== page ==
For the past three months, Zachary Jablow has gotten only about five hours of sleep per night.
The 25-year-old Lakeview resident stresses over working with big-name clients at a recording studio and has a hard time sleeping because every thought of the day rushes into his head at bedtime. He stays up until 4 a.m. watching "Duck Dynasty" marathons. He tosses and turns, which really miffs his girlfriend.
He has an energy crash every afternoon.
"I get really irritable," said Jablow, who estimates he has shelled out about $100 on various sleep aids since his troubles started.
A powder called Natural Calm from Natural Vitality, which he found effective, set him back $65.
Before that, the new ZzzQuil sleep aid from Vicks, the makers of NyQuil, cost $8. Tylenol PM was $14.
He also buys relaxation drinks about two or three times a week—at three or four bucks a pop.
"It's definitely not in the budget," said Jablow, who said he had to experiment to find what worked best for him. "It was definitely kind of costly."
The makers of drugs and natural remedies that promise relief see the tossing-and-turning masses line up to buy some rest. Market research firm Mintel estimates the industry's retail sales were up nearly 12 percent last year—from
$237 million to an estimated $265 million. The sector could pull in as much as $328 million by 2016, according to forecasts. Proctor and Gamble, the parent company behind Vicks ZzzQuil, estimates the industry even higher, at more than $500 million. And with about six in 10 Americans reporting regular trouble sleeping, according to Mintel, it's no wonder.
"I can say that when I first became a pharmacist, I worked at CVS [and] there were just a few options, the Tylenol PM and Advil PM," said Aaron Pietrykowski, owner of Aaron's Apothecary in Lincoln Park. Now, he says, sleep aids are a bigger business. "At our store, we have probably 10 to 12 options for sleep in some sort of herbal or homeopathic or natural route."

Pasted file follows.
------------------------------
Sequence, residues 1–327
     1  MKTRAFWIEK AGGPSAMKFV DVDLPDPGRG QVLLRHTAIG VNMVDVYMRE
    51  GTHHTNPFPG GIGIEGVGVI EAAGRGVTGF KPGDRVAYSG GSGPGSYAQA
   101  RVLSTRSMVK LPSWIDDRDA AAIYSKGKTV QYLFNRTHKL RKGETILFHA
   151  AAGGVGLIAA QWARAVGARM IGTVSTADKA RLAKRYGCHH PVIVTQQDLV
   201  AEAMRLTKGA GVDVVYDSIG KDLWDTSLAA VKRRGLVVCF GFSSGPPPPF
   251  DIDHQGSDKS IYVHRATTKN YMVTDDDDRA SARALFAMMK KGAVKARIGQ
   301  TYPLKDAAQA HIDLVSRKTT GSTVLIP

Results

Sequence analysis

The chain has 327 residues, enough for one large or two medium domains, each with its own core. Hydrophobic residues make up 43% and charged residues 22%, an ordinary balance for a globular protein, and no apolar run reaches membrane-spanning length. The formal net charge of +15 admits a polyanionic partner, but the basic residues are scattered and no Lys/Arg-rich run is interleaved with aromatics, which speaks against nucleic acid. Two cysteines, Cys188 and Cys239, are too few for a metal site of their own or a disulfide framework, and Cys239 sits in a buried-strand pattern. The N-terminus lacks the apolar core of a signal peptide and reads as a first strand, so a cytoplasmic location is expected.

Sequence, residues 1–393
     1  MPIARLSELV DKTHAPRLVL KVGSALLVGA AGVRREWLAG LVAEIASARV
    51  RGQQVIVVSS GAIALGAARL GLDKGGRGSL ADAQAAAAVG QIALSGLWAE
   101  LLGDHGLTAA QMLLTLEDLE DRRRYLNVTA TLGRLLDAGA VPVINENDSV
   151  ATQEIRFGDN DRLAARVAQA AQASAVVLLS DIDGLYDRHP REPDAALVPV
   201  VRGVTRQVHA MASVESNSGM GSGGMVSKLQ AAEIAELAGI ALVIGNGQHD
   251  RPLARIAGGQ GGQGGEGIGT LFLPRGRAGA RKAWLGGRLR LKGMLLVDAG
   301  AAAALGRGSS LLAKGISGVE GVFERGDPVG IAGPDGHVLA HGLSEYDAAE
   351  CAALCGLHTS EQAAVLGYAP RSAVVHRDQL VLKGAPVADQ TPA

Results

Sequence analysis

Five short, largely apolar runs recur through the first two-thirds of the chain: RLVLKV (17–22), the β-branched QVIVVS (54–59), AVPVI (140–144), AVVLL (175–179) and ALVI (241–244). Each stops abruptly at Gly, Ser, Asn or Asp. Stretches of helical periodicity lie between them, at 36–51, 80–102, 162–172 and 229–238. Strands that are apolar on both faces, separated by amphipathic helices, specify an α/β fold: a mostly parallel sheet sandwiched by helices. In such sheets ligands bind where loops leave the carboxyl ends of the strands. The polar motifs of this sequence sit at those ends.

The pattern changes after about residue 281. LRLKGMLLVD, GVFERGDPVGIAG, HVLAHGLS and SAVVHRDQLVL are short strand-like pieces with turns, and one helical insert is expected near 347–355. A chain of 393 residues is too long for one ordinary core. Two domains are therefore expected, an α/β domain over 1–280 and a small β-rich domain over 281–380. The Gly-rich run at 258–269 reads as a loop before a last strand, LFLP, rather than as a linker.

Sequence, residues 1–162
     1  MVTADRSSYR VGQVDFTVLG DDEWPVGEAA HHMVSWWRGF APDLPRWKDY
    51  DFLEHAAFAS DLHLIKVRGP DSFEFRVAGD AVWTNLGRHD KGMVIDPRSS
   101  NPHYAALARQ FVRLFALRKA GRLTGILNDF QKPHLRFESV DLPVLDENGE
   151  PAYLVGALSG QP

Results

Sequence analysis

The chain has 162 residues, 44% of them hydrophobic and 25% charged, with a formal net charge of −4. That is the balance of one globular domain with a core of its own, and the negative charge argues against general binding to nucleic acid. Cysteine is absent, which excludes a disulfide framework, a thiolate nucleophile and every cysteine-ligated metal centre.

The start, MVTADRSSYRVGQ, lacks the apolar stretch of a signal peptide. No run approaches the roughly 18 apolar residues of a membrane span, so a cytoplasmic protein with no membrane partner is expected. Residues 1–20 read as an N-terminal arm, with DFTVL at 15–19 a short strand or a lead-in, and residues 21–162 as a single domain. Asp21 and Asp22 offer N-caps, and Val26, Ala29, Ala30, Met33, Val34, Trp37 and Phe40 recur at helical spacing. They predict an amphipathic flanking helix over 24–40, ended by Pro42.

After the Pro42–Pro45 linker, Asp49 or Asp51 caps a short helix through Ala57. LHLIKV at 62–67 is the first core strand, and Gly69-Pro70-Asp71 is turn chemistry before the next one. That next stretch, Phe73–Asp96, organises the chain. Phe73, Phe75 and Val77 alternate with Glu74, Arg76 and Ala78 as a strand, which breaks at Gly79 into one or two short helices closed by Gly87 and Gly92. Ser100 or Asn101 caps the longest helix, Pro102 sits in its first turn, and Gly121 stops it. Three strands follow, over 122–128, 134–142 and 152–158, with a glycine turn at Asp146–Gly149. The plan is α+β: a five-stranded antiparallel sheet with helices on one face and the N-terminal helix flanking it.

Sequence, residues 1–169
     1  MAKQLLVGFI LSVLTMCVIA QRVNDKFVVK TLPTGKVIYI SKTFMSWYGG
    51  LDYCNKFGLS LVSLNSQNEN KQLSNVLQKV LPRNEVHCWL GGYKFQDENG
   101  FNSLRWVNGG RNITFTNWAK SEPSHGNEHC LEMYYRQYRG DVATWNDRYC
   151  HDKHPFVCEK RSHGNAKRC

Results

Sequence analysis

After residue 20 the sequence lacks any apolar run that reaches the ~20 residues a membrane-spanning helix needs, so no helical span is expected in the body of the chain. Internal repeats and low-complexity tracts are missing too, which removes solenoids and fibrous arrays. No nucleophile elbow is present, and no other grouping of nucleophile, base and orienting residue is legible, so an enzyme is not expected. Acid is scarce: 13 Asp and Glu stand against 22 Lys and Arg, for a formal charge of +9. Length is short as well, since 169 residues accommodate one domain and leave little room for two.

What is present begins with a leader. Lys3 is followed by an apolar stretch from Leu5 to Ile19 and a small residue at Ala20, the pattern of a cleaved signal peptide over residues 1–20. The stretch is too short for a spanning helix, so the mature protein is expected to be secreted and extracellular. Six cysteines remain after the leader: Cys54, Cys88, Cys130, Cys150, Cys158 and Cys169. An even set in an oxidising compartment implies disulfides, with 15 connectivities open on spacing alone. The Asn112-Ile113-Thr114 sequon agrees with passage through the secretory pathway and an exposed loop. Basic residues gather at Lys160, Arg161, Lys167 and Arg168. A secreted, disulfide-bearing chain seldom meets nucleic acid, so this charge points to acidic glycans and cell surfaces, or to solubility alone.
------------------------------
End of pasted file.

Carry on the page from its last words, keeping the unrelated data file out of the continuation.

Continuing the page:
A drug called diphenhydramine HCl, found in sleep aid versions of Tylenol, Advil and ZzzQuil, was until 2010 the most common over-the-counter remedy for sleeplessness. But in 2011, the market shifted, giving natural sleep aids the top share in the industry, with sales growing about 46 percent, to $60 million. During the same time, products containing diphenhydramine HCl fell about $14 million in sales—almost 21 percent.
Experts say natural and herbal remedies might work for some, but often those products are unable to treat the underlying issues that prevent people from sleeping.
"It could be anything from [post-traumatic stress disorder] to sleep apnea to circadian rhythm disorder. It can be a host of things [that cause restlessness]," said Amy Guralnick, who practices sleep medicine at the University of Chicago.
She said she has seen several patients useover-the-counter medicinesto sleep. If patients are too reliant on the drugs, she weans them off slowly and teaches them techniques to sleep without them. She also checks to see if the person is getting the proper amount of rest for his or her own body.
"I think the herbal industry, the over-the-counter industry is preying on people thinking they need eight hours of sleep," Guralnick said. "Everybody is different, not everybody needs eight hours."
According to the American Sleep Association, there is no "magic number" when it comes to the number of hours of rest per night. The organization says that media and health groups do regularly suggest getting more sleep, but scientific studies have proved that sleep varies across populations.
Overall, the association says, two research studies have shown seven to eight hours is generally the amount of sleep needed for healthy adults, but the number gets complicated when "sleep debt"—or accumulated hours of sleep lost for any reason—adds up.
Guralnick said there's nothing wrong with taking diphenhydramine HCl-based products as a short-term solution to occasional sleeplessness. But those who have chronic issues falling asleep should see a doctor, she said. Many times, there is an underlying reason for their trouble resting.
"I've had patients come in and say they're on way more than therapeutic doses of Benadryl to sleep at night," she said. "I can help them."
For Jablow, the nights of either reaching for the medicine cabinet or being up to see dawn hopefully are coming to an end, he said, adding that he plans to see a doctor about the problems.
"It definitely takes a toll on my body, my health," he said. "It's inconvenient, it's a little pricey and I flat-out wish I didn't even have the expense. It's not something I can typically afford."
There are a variety of treatments for sleeplessness because of the variety of possible causes. In most cases, simple tricks—or good sleep hygiene, as University of Chicago sleep expert Amy Guralnick calls it—are a good start to better sleep. Her simple tips:
>>Avoid computers and phones late at night
>>Avoid naps and caffeine
>>Don't go to bed unless you're really tired
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